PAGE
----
Post 13: Toni Morrison Week

Toni Morrison's immortal legacy, explained in one Beloved passage ...

In Playing in the Dark, Morrison delves into American literature and, specifically, literary whiteness.  Historically, a lot of American literature only included black characters as plot devices.  As a reader, this is very clear to Morrison and she can only see the absence of blackness in American literature.  She then shifts her perspective to analyze American literature as a writer and sees things very differently.  She emphasizes that whiteness and freedom exist greatly in the contrast of blackness and slavery.  In other words, whiteness wouldn’t be a concept or an identity without the existence of blackness and freedom was largely seen in contrast to slavery.  So, blackness, slavery, and racism actually played a huge role in the shaping of whiteness, white stories, and white perspectives; and in enriching American literature.  Additionally, Morrison shines light on the fact the impact of racism on the objects of racists policies is a well-established study but that it should be joined with another, equally important one: the impact of racism on those who perpetuate it.  Morrison acknowledges that discussing race in American literature is largely avoided, which is often regarded as the “polite approach” when, in reality, it is in-and-of-itself an act of racism.  To treat the topic of color as something to be avoided is to imply that being black is negative while erasing a huge part of that person or character’s identity.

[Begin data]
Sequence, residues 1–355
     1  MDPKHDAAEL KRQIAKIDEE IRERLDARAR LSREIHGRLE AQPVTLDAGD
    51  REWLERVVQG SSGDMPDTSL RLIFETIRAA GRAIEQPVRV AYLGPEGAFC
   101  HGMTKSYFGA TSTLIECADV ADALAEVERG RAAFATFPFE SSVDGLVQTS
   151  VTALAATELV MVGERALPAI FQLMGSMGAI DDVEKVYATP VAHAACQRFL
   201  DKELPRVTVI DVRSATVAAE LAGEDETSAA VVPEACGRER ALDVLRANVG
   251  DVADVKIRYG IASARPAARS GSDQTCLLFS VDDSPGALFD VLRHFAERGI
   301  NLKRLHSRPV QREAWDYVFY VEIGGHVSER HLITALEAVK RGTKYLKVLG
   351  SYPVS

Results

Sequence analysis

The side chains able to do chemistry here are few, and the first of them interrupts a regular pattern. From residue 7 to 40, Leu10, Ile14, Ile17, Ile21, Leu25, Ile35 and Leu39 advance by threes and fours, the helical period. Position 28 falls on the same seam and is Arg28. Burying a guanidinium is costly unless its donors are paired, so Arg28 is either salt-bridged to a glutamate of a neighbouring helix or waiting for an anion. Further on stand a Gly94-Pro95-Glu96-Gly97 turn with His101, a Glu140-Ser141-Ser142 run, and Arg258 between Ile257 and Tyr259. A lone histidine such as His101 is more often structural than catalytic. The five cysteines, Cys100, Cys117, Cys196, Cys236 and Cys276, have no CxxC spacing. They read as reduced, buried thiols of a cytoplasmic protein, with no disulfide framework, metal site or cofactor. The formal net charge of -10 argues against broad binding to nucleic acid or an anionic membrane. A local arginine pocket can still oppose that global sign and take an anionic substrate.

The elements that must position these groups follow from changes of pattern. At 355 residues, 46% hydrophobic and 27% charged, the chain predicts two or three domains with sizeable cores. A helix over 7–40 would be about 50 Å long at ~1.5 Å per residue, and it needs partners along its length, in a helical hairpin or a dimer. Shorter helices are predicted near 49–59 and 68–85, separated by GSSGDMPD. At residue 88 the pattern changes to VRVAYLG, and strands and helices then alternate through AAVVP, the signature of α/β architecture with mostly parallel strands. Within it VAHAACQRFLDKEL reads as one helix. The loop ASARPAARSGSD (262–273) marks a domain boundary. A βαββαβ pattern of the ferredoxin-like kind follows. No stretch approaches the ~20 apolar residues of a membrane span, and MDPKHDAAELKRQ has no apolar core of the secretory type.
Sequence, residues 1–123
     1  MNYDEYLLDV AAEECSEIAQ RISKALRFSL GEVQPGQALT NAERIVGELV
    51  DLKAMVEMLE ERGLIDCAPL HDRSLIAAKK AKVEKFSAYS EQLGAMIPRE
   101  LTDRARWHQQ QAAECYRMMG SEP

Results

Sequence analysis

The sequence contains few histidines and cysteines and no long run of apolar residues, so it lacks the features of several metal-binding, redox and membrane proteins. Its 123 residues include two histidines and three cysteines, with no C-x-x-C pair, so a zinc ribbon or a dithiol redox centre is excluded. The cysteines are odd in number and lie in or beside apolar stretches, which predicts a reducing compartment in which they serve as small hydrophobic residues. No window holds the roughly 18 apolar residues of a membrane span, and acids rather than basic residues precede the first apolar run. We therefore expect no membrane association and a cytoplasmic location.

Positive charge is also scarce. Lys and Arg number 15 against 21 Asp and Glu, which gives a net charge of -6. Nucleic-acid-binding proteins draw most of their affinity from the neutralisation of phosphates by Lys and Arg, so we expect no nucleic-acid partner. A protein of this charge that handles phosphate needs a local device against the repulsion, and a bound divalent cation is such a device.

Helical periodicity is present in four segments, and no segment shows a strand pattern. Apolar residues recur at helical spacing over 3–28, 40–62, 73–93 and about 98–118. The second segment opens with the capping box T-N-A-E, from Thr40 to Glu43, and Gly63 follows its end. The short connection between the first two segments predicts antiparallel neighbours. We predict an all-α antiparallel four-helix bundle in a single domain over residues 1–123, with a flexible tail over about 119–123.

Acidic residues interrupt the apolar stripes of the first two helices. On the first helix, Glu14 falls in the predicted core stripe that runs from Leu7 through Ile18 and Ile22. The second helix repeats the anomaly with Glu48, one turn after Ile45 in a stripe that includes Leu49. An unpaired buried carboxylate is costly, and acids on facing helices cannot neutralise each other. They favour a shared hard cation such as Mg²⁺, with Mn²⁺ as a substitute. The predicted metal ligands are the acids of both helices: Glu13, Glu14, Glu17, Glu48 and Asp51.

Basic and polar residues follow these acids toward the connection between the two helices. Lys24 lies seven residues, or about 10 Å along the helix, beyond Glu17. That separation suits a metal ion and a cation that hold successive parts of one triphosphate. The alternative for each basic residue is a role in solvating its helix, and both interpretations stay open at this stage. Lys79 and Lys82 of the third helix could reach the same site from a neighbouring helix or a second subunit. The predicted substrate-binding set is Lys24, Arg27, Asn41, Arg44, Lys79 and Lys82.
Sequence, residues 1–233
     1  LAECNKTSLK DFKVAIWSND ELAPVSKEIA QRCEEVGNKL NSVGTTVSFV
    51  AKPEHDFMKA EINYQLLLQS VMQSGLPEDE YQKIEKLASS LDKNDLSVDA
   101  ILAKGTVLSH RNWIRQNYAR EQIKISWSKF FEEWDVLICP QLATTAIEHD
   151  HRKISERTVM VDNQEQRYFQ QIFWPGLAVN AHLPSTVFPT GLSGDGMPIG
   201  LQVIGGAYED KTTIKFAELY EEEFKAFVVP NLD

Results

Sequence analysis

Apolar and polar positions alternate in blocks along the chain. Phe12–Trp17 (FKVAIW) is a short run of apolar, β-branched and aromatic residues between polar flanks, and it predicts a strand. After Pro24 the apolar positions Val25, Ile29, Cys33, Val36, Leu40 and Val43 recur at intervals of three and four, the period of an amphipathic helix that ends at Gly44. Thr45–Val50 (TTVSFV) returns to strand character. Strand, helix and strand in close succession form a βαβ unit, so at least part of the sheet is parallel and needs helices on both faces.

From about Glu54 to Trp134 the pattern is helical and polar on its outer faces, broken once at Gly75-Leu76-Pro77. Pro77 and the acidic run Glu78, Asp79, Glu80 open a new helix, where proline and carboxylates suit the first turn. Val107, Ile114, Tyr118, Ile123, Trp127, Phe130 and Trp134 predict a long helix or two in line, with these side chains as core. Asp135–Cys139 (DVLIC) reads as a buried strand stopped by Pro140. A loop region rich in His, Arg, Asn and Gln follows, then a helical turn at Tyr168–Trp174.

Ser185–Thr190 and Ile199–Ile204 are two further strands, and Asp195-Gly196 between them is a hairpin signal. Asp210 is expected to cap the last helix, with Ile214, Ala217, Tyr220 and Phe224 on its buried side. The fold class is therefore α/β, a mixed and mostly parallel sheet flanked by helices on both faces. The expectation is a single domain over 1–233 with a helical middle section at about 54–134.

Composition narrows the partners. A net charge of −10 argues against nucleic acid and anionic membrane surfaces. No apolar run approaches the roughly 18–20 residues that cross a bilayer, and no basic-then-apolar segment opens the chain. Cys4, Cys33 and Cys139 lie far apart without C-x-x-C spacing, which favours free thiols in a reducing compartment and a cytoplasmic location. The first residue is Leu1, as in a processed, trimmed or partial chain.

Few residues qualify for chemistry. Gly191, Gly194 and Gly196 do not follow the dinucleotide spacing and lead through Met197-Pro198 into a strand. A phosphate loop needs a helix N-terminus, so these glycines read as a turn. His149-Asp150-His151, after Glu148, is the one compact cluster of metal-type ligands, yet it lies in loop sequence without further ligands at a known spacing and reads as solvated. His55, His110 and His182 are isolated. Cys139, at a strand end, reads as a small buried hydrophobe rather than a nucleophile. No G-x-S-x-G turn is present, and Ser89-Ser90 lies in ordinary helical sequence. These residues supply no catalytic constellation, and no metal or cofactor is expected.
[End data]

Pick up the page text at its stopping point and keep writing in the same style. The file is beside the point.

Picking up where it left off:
I read Beloved for my book report.  Playing in the Dark and Beloved are very different pieces of writing in terms of style and content, but there are connections in context and concept.  Beloved tells the story of the life of a black woman, Sethe, who was formerly enslaved but who is now “free” and living in Cincinnati with her daughter.   Beloved is told on two different planes of time— the present is 1870’s in Cincinnati; and Morrison uses flashbacks told from the perspectives of various characters to detail the devastating experiences of being enslaved 20 years earlier.  Both Beloved and Playing in the Dark approach the topics of identity and humanity. The white characters in Beloved are always a reflection of freedom, or the constant lack of freedom that the main characters have.  Even when Sethe and her family are living in Cincinnati and considered to be “free,” there is always the trauma of being enslaved looming— the trauma of white men possessing their bodies in more ways than one.  Even when they are “free” their freedom looks very different than freedom of the white man and there is the constant fear of losing that freedom.  In this way, Morrison is exploring black and white identities in a similar fashion as in Playing in the Dark— that is, identities existing by contrasting one another.